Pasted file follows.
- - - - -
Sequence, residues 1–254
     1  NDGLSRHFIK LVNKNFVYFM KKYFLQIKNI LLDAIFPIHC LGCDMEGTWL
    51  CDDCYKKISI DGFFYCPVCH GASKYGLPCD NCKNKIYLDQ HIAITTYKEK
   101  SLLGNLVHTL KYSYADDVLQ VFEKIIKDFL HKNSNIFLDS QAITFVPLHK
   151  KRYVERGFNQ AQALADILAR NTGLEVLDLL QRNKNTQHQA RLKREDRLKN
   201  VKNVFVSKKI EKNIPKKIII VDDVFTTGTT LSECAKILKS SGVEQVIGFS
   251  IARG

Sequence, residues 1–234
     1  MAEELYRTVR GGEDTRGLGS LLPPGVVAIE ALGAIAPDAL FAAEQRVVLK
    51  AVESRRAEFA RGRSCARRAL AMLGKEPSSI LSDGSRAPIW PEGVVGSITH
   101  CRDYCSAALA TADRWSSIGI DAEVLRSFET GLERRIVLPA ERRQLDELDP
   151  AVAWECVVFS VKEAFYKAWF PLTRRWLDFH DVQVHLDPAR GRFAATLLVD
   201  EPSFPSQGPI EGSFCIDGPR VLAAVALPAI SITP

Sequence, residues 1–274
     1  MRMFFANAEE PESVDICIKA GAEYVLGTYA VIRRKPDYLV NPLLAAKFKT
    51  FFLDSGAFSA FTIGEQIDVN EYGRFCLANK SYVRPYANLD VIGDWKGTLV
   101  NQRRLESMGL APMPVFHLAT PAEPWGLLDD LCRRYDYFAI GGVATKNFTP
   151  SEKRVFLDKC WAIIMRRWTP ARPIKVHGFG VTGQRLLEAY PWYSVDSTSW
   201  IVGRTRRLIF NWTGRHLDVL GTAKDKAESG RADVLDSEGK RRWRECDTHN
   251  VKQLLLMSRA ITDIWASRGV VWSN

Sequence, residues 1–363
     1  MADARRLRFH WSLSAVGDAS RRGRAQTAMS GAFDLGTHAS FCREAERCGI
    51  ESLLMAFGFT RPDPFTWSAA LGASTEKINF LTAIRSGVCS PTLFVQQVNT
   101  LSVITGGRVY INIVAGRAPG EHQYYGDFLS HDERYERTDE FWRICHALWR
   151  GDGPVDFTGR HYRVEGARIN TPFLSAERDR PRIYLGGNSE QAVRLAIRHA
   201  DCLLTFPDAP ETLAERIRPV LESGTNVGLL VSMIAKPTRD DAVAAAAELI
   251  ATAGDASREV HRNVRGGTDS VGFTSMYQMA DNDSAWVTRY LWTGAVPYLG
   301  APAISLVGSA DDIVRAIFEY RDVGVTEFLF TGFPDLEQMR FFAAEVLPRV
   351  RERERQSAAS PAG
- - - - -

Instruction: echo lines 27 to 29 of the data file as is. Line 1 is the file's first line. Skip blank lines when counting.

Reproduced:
   251  ATAGDASREV HRNVRGGTDS VGFTSMYQMA DNDSAWVTRY LWTGAVPYLG
   301  APAISLVGSA DDIVRAIFEY RDVGVTEFLF TGFPDLEQMR FFAAEVLPRV
   351  RERERQSAAS PAG